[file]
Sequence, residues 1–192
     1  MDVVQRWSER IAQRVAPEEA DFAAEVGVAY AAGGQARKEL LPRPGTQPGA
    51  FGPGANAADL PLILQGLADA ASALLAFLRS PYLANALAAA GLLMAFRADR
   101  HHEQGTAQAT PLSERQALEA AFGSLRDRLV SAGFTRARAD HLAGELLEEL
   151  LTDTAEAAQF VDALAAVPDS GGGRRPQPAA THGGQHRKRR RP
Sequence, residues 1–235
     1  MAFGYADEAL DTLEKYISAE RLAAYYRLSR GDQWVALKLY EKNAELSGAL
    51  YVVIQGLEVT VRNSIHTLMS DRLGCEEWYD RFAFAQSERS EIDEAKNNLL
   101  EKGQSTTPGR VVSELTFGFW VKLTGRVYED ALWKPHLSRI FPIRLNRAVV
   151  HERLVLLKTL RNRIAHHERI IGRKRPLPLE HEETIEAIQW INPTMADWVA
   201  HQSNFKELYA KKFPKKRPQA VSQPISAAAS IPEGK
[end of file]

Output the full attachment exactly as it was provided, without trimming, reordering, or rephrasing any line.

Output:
Sequence, residues 1–192
     1  MDVVQRWSER IAQRVAPEEA DFAAEVGVAY AAGGQARKEL LPRPGTQPGA
    51  FGPGANAADL PLILQGLADA ASALLAFLRS PYLANALAAA GLLMAFRADR
   101  HHEQGTAQAT PLSERQALEA AFGSLRDRLV SAGFTRARAD HLAGELLEEL
   151  LTDTAEAAQF VDALAAVPDS GGGRRPQPAA THGGQHRKRR RP
Sequence, residues 1–235
     1  MAFGYADEAL DTLEKYISAE RLAAYYRLSR GDQWVALKLY EKNAELSGAL
    51  YVVIQGLEVT VRNSIHTLMS DRLGCEEWYD RFAFAQSERS EIDEAKNNLL
   101  EKGQSTTPGR VVSELTFGFW VKLTGRVYED ALWKPHLSRI FPIRLNRAVV
   151  HERLVLLKTL RNRIAHHERI IGRKRPLPLE HEETIEAIQW INPTMADWVA
   201  HQSNFKELYA KKFPKKRPQA VSQPISAAAS IPEGK